Patrick Bales

Published 7:39 pm Friday, October 22, 2021

Editor’s Note: The Suffolk News-Herald sent the same slate of questions to Commonwealth’s Attorney candidates Patrick Bales and Narendra Pleas. You can see the questions and their answers here. The candidates were advised that responses would not be edited, except to truncate answers at the end of the 100-word limit. Bales did not provide a photo.

Why are you running for Commonwealth’s Attorney, and what makes you qualified for the position?

I’m running because of the changes that have been made to criminal procedure. The way the Commonwealth has always done things will no longer work. Having taken away jury sentencing, we’re left with a situation where there’s no deterrent to taking a jury. For decades, the training has been to run the charge up as high as you can, and then they’ll take a plea because they’re afraid of going to a jury. We can no longer afford a “throw everything at the wall and see what sticks” approach. I have been an attorney for more than 20 years.

What would be your top three priorities if elected, and why?

  1. To bring that culture change referenced above to the office.
  2. To try to shut down the school-to-prison pipeline.
  3. There’s a mentor program that I want to implement to reduce the crime rate. In those 20 years, I’ve seen many times the light in a person’s eyes go out. When they lose hope, all that seems open to them is future crime. These mentors would help them learn how to obtain identification, jobs and stable housing. If we can keep them focused on their pathways to success, we can help them stop the recidivism cycle. It’s a win-win.

What are the most critical issues facing the Commonwealth’s Attorney’s office, and how would you address them?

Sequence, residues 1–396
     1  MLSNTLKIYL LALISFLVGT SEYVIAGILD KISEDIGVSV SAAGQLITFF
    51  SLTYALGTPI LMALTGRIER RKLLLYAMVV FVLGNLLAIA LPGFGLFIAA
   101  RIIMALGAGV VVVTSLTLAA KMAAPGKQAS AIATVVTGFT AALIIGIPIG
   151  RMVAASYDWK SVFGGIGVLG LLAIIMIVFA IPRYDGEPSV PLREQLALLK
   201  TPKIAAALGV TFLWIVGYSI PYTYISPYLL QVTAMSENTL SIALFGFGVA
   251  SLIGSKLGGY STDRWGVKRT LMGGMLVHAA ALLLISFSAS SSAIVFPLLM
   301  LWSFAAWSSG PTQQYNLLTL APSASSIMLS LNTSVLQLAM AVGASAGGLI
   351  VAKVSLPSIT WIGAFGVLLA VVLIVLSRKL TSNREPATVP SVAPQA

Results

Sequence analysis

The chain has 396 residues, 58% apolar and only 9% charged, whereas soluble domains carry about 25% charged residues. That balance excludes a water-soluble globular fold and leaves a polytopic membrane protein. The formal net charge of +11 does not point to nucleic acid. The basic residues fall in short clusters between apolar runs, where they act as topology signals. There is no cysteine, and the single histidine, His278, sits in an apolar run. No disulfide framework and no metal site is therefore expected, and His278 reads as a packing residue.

The absolute most critical issue facing their office is the backlog of jury trials. It is severely backed up. Persons that are incarcerated are set for trial in December of next year; for persons that aren’t incarcerated, the year after. That culture change I referenced above where we’re actually preparing the cases with that in mind —  with not only “Can I win this?” it should also be, “Should we go forward with this?” — is this something where other alternatives can address the problem. Those jury slots are precious commodities; we cannot afford to waste them.

What will you do as Commonwealth’s Attorney to find ways to address the opioid crisis?

One of the things I’ve been doing is reaching out to members of the local clergy. They are a resource that is currently untapped. We also need the right tools to do the job. When all you have is a hammer, the world starts to look like a nail. Sometimes a person who is addicted needs incarceration to clean up and get their head in a position to go forward. Some just need a detox period and then someone to help them afterwards. Don’t use a cannon to kill a mosquito; use the right tool for the job.

With Phil Ferguson having served for 44 years as the city’s Commonwealth’s Attorney, what lessons do you draw from his tenure?

I’ve actually spoken with Phil Ferguson on several occasions. He has offered to make sure that if I’m the Commonwealth’s Attorney, I will be up to speed and understand all the budgetary considerations the Commonwealth’s Attorney has to deal with on a near-daily basis. He represents almost a half-century of institutional knowledge; a person would have to be a fool not to take advantage of that. His programs such as citizens’ academy and prosecutors in the schools are things I truly appreciate and want to continue. I have a great deal of respect for what he’s been able to do.